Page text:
A Florida data scientist who claimed that he was fired by the state for not coronavirus figures going to the doctor, published his own COVID-19 map.
Former state Department of Health employee Rebekah Jones said she was fired because she refused to “manually change the data to provide support for the reopening of the plan.”
Now the entrepreneur Sunshine Stater own map, similar Version of Florida, Apart from an important additional detail: the map contains report cards as to whether it meets its own criteria to enter the next stage of reopening for each state.
Jones said he hopes to give NPR a reliable source of information that is not protected by reopening policies.
“I think I am well equipped to try to help with this,” he said, “that’s what I do. I just don’t want people to panic. I don’t want anyone to be afraid or feel weak. “
According to Jones’s calculations, only four of Florida’s 67 counties are ready to relax coronavirus restrictions.
He said he was trying to add report cards to the province’s own data portal, but health department officials dropped this feature when they realized that it had negatively affected the state’s progress.
“When I went to show them what the report card would say for each district, they asked me to delete the report card, among other things, because it showed that almost no county was ready to reopen,” Told npr. “And they didn’t want to draw attention to that.”
A senior asked him to enter the data behind the map and change the numbers so that the state’s coronavirus positivity rate would change from 18 percent to 10 percent, indicating that the state met its reopening goal.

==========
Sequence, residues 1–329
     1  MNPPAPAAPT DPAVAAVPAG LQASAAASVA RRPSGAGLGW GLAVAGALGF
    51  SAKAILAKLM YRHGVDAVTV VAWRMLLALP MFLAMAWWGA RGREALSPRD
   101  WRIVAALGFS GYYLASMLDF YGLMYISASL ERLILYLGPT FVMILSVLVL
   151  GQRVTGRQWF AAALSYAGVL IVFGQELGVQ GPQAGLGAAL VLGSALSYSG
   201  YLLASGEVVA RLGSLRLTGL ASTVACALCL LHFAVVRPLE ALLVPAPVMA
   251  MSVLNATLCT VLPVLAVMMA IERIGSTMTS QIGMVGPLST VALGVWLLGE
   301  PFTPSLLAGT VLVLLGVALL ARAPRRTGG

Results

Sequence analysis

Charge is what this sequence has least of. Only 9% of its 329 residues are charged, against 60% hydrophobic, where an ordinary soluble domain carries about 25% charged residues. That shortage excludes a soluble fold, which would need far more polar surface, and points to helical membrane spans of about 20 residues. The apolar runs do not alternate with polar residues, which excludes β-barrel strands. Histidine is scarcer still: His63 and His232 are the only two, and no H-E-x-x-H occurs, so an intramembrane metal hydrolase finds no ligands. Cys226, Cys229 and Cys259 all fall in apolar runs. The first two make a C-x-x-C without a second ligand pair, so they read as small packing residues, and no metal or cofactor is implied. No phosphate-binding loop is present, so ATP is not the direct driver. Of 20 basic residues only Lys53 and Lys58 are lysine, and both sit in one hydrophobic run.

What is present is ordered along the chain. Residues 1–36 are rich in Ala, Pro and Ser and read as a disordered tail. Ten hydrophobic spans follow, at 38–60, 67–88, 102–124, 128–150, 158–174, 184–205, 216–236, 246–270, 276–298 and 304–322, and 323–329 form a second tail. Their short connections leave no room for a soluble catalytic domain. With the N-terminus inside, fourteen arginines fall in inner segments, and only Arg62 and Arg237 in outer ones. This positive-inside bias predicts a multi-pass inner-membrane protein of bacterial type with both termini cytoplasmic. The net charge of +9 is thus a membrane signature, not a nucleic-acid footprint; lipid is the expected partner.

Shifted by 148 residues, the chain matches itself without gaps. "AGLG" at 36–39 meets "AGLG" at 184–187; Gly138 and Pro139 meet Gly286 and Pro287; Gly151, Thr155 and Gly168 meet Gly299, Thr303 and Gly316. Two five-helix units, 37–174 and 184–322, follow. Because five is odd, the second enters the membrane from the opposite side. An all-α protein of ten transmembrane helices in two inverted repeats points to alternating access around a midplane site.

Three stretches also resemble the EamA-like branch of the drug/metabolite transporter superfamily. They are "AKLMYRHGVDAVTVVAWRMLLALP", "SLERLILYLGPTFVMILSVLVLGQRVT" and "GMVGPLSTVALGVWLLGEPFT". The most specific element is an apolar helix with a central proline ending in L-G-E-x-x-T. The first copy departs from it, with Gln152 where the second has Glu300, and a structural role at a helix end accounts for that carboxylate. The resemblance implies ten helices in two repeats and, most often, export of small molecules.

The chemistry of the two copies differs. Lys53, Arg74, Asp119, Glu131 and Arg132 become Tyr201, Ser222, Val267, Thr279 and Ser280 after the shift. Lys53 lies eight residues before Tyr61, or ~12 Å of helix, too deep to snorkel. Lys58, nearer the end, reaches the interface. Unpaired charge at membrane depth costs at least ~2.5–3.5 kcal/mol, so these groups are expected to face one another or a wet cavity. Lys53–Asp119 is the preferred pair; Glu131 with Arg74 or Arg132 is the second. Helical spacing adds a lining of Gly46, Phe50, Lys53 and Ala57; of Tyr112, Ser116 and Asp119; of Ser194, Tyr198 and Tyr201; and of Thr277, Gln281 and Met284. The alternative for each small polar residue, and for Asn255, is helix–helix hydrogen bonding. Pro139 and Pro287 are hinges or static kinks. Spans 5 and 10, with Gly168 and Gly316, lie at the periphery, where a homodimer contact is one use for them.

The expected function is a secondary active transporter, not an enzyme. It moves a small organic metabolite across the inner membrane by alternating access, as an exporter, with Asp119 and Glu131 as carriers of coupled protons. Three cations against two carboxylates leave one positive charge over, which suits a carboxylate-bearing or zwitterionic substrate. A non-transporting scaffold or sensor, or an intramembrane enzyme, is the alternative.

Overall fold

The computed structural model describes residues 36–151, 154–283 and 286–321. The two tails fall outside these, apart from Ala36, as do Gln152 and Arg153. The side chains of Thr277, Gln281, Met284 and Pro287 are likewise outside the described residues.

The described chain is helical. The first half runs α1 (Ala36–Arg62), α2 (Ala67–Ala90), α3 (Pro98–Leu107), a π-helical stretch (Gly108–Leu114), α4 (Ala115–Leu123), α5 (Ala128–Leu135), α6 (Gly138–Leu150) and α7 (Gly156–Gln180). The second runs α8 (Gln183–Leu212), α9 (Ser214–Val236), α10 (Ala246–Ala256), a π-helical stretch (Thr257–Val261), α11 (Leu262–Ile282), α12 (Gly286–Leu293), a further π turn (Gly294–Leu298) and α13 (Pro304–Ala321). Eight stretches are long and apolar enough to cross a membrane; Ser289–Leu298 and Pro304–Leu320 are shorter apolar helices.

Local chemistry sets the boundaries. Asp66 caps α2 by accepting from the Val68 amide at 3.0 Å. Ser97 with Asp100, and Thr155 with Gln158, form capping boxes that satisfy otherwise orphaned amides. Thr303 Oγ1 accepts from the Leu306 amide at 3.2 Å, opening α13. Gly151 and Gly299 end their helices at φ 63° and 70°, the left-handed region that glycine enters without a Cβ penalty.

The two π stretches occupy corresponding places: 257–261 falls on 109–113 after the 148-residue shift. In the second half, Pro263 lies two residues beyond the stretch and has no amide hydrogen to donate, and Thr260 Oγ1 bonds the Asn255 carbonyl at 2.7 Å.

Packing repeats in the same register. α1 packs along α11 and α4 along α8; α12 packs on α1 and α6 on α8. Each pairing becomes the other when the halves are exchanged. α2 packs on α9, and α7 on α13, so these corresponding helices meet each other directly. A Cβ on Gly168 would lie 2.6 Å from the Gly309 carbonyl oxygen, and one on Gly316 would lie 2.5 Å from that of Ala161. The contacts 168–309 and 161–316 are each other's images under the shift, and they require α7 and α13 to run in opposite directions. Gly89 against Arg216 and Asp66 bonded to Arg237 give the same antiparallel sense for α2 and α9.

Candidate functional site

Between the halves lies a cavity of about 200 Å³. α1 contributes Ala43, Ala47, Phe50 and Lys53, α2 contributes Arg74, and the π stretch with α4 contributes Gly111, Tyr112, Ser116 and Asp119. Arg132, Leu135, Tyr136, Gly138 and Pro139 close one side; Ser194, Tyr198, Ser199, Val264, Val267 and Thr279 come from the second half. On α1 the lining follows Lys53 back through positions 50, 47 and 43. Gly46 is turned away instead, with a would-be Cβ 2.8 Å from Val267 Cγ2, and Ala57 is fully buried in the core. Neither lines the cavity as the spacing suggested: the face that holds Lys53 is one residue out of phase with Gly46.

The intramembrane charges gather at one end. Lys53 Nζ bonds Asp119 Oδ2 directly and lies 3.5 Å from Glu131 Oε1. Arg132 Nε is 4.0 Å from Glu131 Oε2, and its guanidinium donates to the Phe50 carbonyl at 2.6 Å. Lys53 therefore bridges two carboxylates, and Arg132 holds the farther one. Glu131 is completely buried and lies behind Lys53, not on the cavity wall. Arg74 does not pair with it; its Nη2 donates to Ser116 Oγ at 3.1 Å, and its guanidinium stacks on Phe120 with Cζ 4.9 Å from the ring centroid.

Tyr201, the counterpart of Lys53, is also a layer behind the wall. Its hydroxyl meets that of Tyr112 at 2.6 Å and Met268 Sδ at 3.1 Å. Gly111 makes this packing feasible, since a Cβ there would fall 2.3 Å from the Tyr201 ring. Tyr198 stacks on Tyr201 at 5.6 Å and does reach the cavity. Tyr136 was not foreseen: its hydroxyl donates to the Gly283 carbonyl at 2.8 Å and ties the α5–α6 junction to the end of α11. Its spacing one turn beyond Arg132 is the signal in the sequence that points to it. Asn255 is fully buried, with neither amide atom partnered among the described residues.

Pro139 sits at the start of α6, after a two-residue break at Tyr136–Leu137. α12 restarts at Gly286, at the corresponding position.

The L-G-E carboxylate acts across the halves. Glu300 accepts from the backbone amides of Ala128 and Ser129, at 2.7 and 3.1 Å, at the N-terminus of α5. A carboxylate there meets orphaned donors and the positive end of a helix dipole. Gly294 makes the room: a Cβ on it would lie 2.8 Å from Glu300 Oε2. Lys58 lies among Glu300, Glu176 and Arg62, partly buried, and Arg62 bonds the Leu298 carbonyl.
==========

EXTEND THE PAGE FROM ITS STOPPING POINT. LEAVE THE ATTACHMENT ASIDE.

It entered Stage 1 of its reopening on May 4 in all counties except Florida, Miami-Dade, Broward and Palm Beach. The government eased the restrictions again on 5 June, when it announced that the districts entered Stage 2.
However, the state is currently experiencing a marked revival in cases.
Florida, currently one of the country’s harshest states, recorded more than 2,500 new cases in a 24-hour window from Friday to Saturday, according to Johns Hopkins data. He recorded more than 75,000 confirmed cases and approximately 3,000 deaths.
Jones attributed the dark behavior of the state to failure rather than an active conspiracy.
“To me, he didn’t read like some kind of political conspiracy or higher directive,” says Jones. “When I brought these results, those who waited were waiting for the results that would support their plan, and they did not appear, they seemed to be panicked, and they had to find a way to adjust the results to the plan. “
Florida’s Department of Health did not respond to a request to post a Comment.